Free Range Chickens: 5 Truths To Know

Free Range Chickens: 5 Truths To Know

A Farmish Kind of Life is a participant in the Amazon Services LLC Associates Program, an affiliate advertising program designed to provide a means for sites to earn advertising fees by advertising and linking to You can view our full affiliate disclosure here.

Free range chickens are fun to watch, but hold on a second.

Before you open the coop door and let your chickens run wild, there are some truths you need to know about the free range life.

(Don’t want to read all the words? This blog post is also a podcast—just press the triangle play button on the little black bar at the top of this post!)

Free Range Chickens Truth #1: There is poop.

5 Truths About Free Range Chickens - A Farmish Kind of Life

Chickens poop. A lot.

Chickens poop anywhere they want to. Which includes on the firewood, your front step, next to the car, the fence you didn’t want them roosting on, the neighbor’s front step, the sidewalk, the river rock you just landscaped with, the lawnmower seat…nowhere is off limits.

That cute chicken friendly yard project you saw on Pinterest is going to be annihilated with chicken bombs (even though they didn’t show that in the pin). Get comfy with p-o-o-p. And forget about going barefoot in your yard, ever again.

If the chickens can get to it, the chickens will probably poop on it. End of story.

Free Range Chickens Truth #2: There are predators.

I’ve watched full grown chickens (and baby chicks who were following their mama) be carried off by hawks and eagles.

I’ve went after the neighbor’s dog who was chasing my chickens.

I know that right now a fox is hanging out near our property just waiting for a chance to snap up a free meal.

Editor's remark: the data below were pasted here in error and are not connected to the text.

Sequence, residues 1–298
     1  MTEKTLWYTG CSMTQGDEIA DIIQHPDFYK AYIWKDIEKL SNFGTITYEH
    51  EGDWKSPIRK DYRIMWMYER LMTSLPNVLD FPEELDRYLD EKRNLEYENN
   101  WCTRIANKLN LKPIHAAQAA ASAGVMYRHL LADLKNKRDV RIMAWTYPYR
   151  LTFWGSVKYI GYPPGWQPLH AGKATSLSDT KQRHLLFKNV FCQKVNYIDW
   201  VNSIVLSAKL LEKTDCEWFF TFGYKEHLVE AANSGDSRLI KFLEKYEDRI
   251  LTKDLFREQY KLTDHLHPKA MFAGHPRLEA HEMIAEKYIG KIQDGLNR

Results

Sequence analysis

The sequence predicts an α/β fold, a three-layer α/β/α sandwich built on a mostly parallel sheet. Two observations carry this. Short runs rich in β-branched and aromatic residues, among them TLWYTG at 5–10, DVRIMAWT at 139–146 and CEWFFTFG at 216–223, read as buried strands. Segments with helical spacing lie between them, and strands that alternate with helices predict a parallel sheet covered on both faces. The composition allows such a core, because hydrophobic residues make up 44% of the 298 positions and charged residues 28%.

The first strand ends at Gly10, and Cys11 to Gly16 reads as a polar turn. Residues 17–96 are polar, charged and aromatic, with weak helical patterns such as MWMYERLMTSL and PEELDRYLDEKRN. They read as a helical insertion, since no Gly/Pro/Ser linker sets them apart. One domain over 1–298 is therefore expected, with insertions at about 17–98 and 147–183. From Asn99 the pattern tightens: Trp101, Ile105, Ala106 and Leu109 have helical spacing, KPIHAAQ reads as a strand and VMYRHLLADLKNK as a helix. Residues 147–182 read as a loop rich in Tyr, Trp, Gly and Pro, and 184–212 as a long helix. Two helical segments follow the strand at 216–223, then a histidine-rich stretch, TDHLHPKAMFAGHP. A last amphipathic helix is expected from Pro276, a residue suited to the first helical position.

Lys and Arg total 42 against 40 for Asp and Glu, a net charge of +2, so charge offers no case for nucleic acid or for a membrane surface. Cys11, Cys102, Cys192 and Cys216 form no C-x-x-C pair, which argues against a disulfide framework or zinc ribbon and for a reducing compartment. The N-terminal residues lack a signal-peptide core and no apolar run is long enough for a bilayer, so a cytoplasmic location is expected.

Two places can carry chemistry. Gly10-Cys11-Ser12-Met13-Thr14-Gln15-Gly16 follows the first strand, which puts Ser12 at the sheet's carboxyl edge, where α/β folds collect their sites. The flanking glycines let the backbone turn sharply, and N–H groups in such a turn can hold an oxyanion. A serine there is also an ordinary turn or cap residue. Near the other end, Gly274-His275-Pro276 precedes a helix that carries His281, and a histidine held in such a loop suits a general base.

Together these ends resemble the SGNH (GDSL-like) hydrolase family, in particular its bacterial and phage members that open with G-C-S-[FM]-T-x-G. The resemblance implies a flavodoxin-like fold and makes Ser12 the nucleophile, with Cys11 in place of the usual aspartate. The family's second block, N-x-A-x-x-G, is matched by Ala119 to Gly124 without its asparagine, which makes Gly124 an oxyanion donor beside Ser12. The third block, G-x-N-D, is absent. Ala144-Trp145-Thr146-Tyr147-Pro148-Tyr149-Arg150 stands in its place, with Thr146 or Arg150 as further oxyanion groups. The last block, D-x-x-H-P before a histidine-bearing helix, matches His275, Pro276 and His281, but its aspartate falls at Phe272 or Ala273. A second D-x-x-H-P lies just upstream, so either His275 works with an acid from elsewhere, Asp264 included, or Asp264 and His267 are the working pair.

Wait, you say, there are no predators in my area. I haven’t seen anything that would mess with my lil’ chickens. Do you want the straight up truth? Chances are you won’t know what predators you have until you let your chickens out. Death is a real consequence of having free range chickens.

Chances are you won't know what predators you have until you let your chickens out. Click To Tweet

Free Range Chickens Truth #3: They bring destruction.

5 Truths About Free Range Chickens - A Farmish Kind of Life

Chickens aren’t very clear about boundaries unless the boundaries are made very clear to them. If your garden (flower or vegetable) isn’t fenced (and fenced well), your chickens will be snacking on anything that looks tasty.

Chickens are also destructive during dust baths. Dust baths can be fun to watch but they also leave huge craters in your yard—usually in the least convenient spot possible.

And be aware: if your free range chickens are hiding their nest of eggs, you might also end up with some surprise hatches!

Free Range Chickens Truth #4: You will go on egg hunts.

5 Truths About Free Range Chickens - A Farmish Kind of Life

Yes, you’ve provided them with a nice coop, but even the most obedient chicken can get a feather up their bum and lay eggs Elsewhere.

If you’re free ranging your hens, plan to do some non-Easter egg hunting. We’ve found nests secretly hidden in our hayloft, the goat’s feeder, nestled into a hollow tree in the woods, the compost pile, in a pile of oats, underneath a stack of lumber, and in a tipped over tote.

There are probably many more hiding spots…we just haven’t found them yet.

Free Range Chickens Truth #5: You can’t control their diet.

5 Truths About Free Range Chickens - A Farmish Kind of Life

You can’t control what a free ranging bird eats. If it’s on the ground and looks interesting, it’s fair game.

You’re going to have to explain to your friend who wants vegetarian eggs that your free range chickens are not eating a vegetarian diet.

(Note: Anyone who is selling “free range vegetarian eggs” is pretty much lying.)

Our chickens have been seen chasing, killing, and eating grasshoppers, worms, snakes, mice, frogs, and many other crawly things I couldn’t identify before they were swallowed up by a hen.

This goes for baby chicks who are following their mama as well! Those babies will eat just about anything that mama hen eats. Special diet for babies? Not if you have free range chickens. (This is one of the reasons that we no longer feed chicken starter to our baby chicks.)

5 Truths About Free Range Chickens - A Farmish Kind of Life